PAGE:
Fanny Duberly led one of the most dashing and dangerous lives of the mid-nineteenth century.  In 1854, while still in her early twenties, Fanny accompanied her husband Henry and his regiment to the front lines of the Crimean War to fight the Russians.  Considered the first female "embedded reporter," Fanny's eye-witness account of the horrors of the Crimean War includes the infamous Charge of the Light Brigade.  After having survived bullets, cholera and shipwreck, Fanny and her husband next saw action in India.  In 1857 Fanny rode more than two thousand miles through the deserts of India alongside Captain Duberly and his troops during the suppression of the Sepoy Revolt. 

This remarkable Long Rider was the author of two fascinating books entitled Crimean Journal and Indian Journal.

The photograph on the left shows Fanny on her horse, Bob, with Henry standing in front of her.

Duncan.JPG (5509 bytes) Jane Duncan - rode from Srinagar, Kashmir, to Goma Hanu, Tibet and back in 1904.

John Duncan was a Scotsman who set off on horseback in 1844 in search of West Africa’s mysterious Kong mountains. The former cavalryman turned explorer had originally ridden in Queen Victoria’s elite Life Guards. Despite the equatorial heat, Duncan dressed in his ceremonial uniform, with glistening cuirass, helmet, gauntlets and high boots. During this remarkable journey Duncan was befriended by the infamous African despot, King Gezo, who urged the Scotsman to drink to Queen Victoria’s health in a goblet carved from a human skull. Additionally, Duncan came in contact with several flourishing African cavalry cultures, the existence of which has been almost completely overlooked by western scholars. Although Duncan never found the Kong mountains, his original travel account, Travels in Western Africa, as well as a new biography regarding this brave Long Rider, The King’s Stranger,” are both available via the Long Rider’s Guild Press.









Long Riders often become associated with the countries where they travelled. The majority of such cases involve countries with famous equestrian cultures such as Mongolia or Argentina. Yet Edith Durham’s equestrian travels have linked her to the unlikely nation of Albania. Like her predecessor, Isabella Bird, Durham (
1863 – 1944) began her life in England surrounded by domestic obligations. A loyal daughter, she remained unmarried. After her father died Durham spent years taking care of her ill mother. It wasn’t until she was 37 that Edith found herself free to travel. Having become exhausted while tending to her dying mother, Durham followed the doctor’s advice to take a holiday. She sailed to the coast of Dalmatia and then ventured inland to Montenegro.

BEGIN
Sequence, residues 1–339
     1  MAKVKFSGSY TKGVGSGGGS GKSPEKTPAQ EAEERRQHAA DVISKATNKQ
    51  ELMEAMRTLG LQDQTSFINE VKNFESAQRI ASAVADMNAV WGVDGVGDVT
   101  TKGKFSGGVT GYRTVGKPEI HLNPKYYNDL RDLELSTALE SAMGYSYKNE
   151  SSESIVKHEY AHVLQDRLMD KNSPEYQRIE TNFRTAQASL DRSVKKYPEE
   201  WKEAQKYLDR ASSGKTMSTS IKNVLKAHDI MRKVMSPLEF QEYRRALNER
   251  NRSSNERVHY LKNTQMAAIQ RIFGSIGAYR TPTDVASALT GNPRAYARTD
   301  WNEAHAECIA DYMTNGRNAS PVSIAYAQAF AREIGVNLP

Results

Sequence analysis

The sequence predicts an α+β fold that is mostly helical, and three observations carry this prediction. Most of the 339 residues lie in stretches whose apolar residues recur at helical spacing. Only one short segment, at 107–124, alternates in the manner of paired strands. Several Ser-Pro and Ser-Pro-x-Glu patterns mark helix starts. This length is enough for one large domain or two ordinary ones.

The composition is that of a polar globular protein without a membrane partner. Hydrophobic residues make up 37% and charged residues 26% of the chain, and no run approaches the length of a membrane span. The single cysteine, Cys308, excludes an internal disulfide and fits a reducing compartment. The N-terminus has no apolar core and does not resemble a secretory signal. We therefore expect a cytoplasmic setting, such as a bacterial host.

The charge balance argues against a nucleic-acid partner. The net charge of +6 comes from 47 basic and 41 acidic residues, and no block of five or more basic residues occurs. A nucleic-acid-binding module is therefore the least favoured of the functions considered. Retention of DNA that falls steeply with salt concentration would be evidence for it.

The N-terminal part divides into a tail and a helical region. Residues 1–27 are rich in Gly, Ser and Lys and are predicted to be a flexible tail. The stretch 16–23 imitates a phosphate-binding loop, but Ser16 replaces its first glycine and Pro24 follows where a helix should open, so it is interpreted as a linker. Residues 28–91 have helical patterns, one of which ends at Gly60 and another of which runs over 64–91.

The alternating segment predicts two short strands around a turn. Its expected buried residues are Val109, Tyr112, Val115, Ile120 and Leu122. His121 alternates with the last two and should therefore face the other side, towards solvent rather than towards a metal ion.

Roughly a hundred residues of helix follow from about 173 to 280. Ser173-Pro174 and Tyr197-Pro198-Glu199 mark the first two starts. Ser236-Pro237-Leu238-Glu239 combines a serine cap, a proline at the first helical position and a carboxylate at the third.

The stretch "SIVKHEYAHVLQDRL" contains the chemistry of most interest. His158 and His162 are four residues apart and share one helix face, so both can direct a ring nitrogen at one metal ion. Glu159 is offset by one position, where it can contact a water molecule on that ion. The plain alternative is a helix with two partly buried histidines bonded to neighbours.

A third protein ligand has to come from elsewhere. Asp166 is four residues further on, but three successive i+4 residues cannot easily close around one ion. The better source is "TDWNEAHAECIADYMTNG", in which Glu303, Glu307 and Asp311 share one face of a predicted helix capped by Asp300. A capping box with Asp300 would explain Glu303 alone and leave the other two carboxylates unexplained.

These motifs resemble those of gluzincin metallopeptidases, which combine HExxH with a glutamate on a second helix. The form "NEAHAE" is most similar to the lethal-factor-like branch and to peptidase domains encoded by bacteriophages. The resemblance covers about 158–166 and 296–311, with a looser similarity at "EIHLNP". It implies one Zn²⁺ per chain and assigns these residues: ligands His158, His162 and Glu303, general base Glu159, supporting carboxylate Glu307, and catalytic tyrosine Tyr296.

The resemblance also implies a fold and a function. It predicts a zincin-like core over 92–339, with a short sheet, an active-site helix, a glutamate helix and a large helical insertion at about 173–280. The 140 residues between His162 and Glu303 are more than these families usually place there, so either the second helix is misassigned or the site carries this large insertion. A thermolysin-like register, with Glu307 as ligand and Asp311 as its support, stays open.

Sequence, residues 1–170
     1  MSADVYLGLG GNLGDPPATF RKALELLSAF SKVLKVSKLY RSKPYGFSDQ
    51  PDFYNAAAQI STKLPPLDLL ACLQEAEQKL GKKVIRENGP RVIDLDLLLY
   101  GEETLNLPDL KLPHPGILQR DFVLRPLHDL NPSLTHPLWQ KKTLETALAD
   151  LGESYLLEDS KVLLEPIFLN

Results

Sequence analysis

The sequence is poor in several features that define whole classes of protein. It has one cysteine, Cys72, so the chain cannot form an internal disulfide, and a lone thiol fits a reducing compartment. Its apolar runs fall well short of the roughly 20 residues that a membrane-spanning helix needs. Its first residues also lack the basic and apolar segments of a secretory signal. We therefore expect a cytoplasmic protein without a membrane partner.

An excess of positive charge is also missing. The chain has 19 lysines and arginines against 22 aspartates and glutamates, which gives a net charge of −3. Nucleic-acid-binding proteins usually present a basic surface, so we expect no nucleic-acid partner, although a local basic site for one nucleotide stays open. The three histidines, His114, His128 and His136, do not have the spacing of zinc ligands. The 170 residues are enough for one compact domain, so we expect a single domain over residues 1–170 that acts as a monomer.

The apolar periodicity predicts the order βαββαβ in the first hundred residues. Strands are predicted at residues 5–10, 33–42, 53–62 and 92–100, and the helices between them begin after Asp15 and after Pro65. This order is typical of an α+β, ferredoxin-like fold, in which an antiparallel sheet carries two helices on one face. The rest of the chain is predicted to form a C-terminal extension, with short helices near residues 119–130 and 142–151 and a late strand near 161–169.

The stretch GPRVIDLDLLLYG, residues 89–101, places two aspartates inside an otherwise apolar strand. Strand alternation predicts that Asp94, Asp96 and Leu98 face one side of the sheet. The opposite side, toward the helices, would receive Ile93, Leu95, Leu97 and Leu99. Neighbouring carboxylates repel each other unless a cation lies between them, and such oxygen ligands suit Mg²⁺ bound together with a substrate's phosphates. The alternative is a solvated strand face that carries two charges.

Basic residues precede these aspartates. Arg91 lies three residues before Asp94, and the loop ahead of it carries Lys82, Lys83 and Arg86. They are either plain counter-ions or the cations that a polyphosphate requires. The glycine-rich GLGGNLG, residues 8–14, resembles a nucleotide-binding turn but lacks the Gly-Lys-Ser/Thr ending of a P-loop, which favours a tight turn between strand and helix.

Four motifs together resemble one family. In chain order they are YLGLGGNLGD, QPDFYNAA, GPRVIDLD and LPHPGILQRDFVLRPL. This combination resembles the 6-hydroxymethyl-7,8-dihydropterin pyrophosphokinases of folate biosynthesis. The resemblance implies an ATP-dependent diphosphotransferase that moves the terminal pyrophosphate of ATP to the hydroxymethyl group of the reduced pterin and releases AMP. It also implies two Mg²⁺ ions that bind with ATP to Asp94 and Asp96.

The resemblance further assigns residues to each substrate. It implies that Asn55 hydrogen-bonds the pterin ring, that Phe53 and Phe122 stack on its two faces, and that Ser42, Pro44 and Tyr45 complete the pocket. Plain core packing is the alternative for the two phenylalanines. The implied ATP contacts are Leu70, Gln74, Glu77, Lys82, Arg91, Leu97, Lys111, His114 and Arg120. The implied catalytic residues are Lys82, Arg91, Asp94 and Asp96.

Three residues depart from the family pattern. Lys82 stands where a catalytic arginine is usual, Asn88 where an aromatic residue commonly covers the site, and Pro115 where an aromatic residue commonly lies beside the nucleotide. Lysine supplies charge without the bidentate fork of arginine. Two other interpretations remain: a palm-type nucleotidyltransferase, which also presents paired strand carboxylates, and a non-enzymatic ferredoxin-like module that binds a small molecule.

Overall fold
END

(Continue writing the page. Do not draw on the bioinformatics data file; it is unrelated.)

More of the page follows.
This journey exposed her to the tempestuous life, politics and culture of the southern Balkans. Edith soon developed a passion for Albania and championed the downtrodden little nation which was still part of the Ottoman Empire. She spent the next twenty years loudly advocating Albania’s right to independence to the foreign press.

But she was no desk-bound dilettante. Durham explored Albania extensively on horseback. During her many journeys she carried on anthropological research, documented the urgent need for relief work and collected endangered Albanian folk art.

One reason her many equestrian journeys were successful was thanks to Edith’s understanding of Albanian culture. She benefited from invoking the nation’s ancient tradition of extending protection and hospitality to “Sworn Virgins.” These were women who donned men’s clothes, took a vow of chastity and lived as men in the mountainous patriarchal society of northern Albania.

In addition to being made a Fellow of the Royal Anthropological Institute, Durham wrote seven popular books about her life and travels in the Balkans, the best known being High Albania (1909). Edith’s unwavering support for Albania earned her the enmity of those who favoured incorporating Albania into the cause of Yugoslav unity.

The Albanians however revered the outspoken Long Rider and referred to her as the "Queen of the Highlanders." Upon her death, Albania’s King Zog wrote, "She gave us her heart and she won the ear of our mountaineers." More recently, in 2004 Durham was described as “"one of the most distinguished personalities of the Albanian world during the last century,” by Albanian President Alfred Moisiu.